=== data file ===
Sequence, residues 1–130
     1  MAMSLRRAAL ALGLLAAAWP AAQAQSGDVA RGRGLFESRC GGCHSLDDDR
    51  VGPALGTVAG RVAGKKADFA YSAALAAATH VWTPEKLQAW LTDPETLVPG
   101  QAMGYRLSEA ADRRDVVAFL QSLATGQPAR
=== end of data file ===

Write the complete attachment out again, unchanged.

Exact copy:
Sequence, residues 1–130
     1  MAMSLRRAAL ALGLLAAAWP AAQAQSGDVA RGRGLFESRC GGCHSLDDDR
    51  VGPALGTVAG RVAGKKADFA YSAALAAATH VWTPEKLQAW LTDPETLVPG
   101  QAMGYRLSEA ADRRDVVAFL QSLATGQPAR